The first difference was that the two teams restricted the diets of the monkeys starting at different ages. Analysis has shown that eating less is beneficial in adult and older primates but is not beneficial for younger animals. This is a bit counterintuitive, especially when we consider that in rodents it’s exactly the opposite. Secondly, in the old-onset group of monkeys at NIA, the control monkeys ate less than the Wisconsin control group. Even small differences could lead to broadly different results. Thirdly, the two teams had completely different monkey diets. At the end of the day, it’s not just about the calories but also about the types of foods the monkeys were eating. The NIA monkeys ate organic food while most animals from the Wisconsin National Primate Research Center ate processed foods rich in sugar.

When all these things are controlled for, the improvements in health were clearly visible. Researchers also made another observation: male and female monkeys are affected by calories in different ways. For males, the calorie intensity of the meals was much more important than for females.

At this point, it’s not clear exactly how this translates to humans, but with this type of study, results likely translate as well. In other words, there’s a good chance that reducing the number of calories in your diet could lead you to live a longer and healthier life. This is a landmark finding which could serve as inspiration to countless people all around the planet.

Journal Reference: Julie A. Mattison, Ricki J. Colman, T. Mark Beasley, David B. Allison, Joseph W. Kemnitz, George S. Roth, Donald K. Ingram, Richard Weindruch, Rafael de Cabo, Rozalyn M. Anderson. Caloric restriction improves health and survival of rhesus monkeys. Nature Communications, 2017; 8: 14063 DOI: 10.1038/ncomms14063

 

The cake isn’t a lie — but the nutritional value on the box definitely is

Food packaging does influence the amount of calories consumed, a new study found. By showing portion sizes much larger than recommended, the pictures on various product’s packaging could make it difficult to eat healthy. Extras such as toppings or frosting on cakes are also usually not taken into account on nutritional labels, exacerbating the problem.

“Layer cake with chocolate bits. Layers filled with icing and cheesecake bits. Iced and topped with caramel sauce & cookies.”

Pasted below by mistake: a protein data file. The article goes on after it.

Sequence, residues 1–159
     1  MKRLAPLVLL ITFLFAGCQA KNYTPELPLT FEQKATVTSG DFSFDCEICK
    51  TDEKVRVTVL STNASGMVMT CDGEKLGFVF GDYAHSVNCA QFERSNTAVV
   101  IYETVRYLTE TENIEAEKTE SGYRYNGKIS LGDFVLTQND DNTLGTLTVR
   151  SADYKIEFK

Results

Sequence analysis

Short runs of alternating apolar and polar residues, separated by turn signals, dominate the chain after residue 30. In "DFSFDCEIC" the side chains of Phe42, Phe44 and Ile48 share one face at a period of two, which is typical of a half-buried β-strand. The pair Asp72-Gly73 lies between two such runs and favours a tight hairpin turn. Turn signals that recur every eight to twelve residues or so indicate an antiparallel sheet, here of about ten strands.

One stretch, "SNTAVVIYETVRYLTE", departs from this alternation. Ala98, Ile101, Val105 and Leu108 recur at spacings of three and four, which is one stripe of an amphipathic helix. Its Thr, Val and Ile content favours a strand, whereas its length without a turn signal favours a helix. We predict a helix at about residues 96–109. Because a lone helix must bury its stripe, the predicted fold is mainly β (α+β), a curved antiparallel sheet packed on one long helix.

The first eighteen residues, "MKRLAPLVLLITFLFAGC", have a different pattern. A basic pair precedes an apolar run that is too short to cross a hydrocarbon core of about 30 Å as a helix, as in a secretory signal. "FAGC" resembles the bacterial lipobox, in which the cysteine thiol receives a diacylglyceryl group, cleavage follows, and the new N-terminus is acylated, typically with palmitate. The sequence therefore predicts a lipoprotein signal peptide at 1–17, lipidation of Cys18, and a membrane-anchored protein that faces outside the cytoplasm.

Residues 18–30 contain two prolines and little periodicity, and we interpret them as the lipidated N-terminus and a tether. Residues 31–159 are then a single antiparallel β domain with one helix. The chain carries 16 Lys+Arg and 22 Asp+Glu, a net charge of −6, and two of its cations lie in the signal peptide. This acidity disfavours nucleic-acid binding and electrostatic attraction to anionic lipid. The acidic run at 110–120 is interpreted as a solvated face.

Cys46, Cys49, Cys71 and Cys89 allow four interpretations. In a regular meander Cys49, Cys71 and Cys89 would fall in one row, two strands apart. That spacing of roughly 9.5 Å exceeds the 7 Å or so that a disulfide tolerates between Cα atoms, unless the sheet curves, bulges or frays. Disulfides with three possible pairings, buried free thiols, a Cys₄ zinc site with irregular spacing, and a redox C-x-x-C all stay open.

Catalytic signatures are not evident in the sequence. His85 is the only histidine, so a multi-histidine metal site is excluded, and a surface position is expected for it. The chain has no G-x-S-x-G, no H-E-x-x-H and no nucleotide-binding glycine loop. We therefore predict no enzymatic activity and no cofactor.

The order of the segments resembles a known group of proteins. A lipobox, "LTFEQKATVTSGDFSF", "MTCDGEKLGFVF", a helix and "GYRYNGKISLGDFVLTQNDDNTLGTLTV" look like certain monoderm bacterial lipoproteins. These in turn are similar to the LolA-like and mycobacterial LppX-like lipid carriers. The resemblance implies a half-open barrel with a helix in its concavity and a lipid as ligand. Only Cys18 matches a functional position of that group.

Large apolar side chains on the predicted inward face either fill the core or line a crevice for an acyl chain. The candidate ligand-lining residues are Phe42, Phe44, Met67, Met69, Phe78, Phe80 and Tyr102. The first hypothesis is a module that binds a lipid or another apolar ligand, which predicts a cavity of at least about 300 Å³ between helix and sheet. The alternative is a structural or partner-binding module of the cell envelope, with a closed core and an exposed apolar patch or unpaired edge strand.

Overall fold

Image credits to flickr user Ginny.

Dr. John Brand and his colleagues at the Cornell University Food and Brand Lab found that the way cakes are depicted on ready-mix cake packaging — in large servings covered with lots of frosting — cause consumers to overestimate portion sizes.

“If we see a slice of cake smothered in frosting on the cake box, we think that is what is normal to serve and eat,” he explained in a statement.

“But that’s not what is reflected in the serving size recommendation on the nutrition label,”

This can lead people to overestimate what constitutes an ordinary, healthy serving of the high-calorie desert, he and his colleagues found.

The team carried out a series of four studies to find out if images on food packaging can influence serving size. They used 51 different cake mixes to see if people would overestimate how much calories each contained by looking at the picture alone. This would in turn cause them to serve larger portions.

In the first study, they compared the cake’s caloric value as listed on the nutritional label with the actual number calories contained in the cake and frosting as shown on the package. The results showed that the products usually had 134 percent more calories than the label stated.

So for the final three studies, the team recruited undergrads or food-service professionals and gave each of them one typical cake mix box. Some were informed that the nutritional label doesn’t factor in the frosting, but most of them weren’t. They were then asked to asses whether or not the depicted piece of cake was a reasonable serving.

Undergrads that were warned about the nutritional labels’ inaccuracy wanted smaller portions than their peers. The final study found that even industry professionals would, on average, over-serve cake without that information.

“Undoubtedly, companies don’t intend to deceive us when they include frosting in cake box depictions, but these seemingly small elements of packaging can have a huge impact,” explained co-author Dr. Brian Wansink, director of the Food and Brand Lab.

Simply including a warning that frosting or other extras are not included in nutritional labeling would make packaging “less misleading,” the study concludes.